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Making of 'Speed Runners'

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Date Added: 30th June 2009
Software used:

Initial Concept

The concept illustration 'Speed Runners' was a personal project, mainly geared towards helping me get quicker results with my concept work. At the time, I was involved in creating a series of illustrations based on science-fiction themes using a ZBrush to Photoshop pipeline. 'Speed Runners' was a direct result of that multi-platform experiment.


A little over a year ago I had the opportunity to attend the Gnomon Workshop, where artists Barontieri and David Levy had shown the process for creating their incredibly dynamic concept art. Part of that process involved the use of 3D software to model abstract shapes which could be rendered and later composited in Photoshop. Although I had already dabbled with a little 3D illustration, I remember being very intrigued by the use of 3D as reference for creating concept illustrations. Having the chance to see these professionals at work really created the initial spark I needed to test the waters on my own. At that time I was not nearly as flexible with the use of 3D applications as I would have liked, so I set out to learn what I could and settled on ZBrush as my 3D application of choice, based solely on its small learning curve and flexibility.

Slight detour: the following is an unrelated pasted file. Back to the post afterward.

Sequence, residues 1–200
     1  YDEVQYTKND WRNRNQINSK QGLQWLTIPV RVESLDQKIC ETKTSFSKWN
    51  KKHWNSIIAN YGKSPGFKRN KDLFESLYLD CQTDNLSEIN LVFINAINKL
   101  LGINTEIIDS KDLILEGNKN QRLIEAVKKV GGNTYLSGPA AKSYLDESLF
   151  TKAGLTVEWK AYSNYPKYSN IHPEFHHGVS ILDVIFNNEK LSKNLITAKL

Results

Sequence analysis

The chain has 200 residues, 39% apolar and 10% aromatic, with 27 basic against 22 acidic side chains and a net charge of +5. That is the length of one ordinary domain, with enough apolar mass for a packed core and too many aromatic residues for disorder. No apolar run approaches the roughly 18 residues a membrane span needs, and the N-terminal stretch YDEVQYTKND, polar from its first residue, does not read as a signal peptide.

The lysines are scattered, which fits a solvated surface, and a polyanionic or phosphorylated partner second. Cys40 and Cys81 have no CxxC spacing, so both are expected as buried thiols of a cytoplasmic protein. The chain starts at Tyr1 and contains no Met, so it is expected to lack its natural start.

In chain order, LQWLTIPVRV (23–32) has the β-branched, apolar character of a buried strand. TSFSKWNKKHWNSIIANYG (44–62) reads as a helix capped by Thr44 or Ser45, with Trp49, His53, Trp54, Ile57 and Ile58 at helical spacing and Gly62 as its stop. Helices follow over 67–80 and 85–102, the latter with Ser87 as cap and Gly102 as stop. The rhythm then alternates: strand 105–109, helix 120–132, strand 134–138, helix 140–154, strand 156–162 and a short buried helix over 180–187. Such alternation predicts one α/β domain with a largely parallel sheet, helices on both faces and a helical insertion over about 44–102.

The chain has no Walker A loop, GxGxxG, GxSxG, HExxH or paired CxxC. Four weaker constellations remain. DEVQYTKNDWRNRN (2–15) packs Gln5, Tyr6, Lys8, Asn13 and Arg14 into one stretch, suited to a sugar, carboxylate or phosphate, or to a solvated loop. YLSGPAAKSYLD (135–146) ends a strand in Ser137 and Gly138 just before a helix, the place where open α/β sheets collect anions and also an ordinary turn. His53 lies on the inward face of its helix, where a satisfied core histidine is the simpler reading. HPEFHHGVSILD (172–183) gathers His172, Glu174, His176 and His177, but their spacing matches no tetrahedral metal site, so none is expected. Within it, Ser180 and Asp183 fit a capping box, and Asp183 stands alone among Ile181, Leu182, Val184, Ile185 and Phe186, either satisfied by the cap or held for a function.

When I initially began the illustration, I had been experimenting with different ways to design generic ship models in ZBrush using a technique created by a user named "SaltaPiedras", of the ZBrush Central forums. This technique involved the use of texture masks which could be used to create deformations based on hue (Fig.01 - 04).

Fig. 01

Fig. 02

Fig. 03

Fig. 04

Essentially, I would begin by creating a rough model using ZSpheres, and increase the geometry to very high levels. A generic texture mask would be applied to the model and deformations could then be created using the deformations properties panel in ZBrush. I took this process one step further by exporting a high resolution render of my results and then importing it into Photoshop where the illustration process would take place (Fig.05).

Fig. 05

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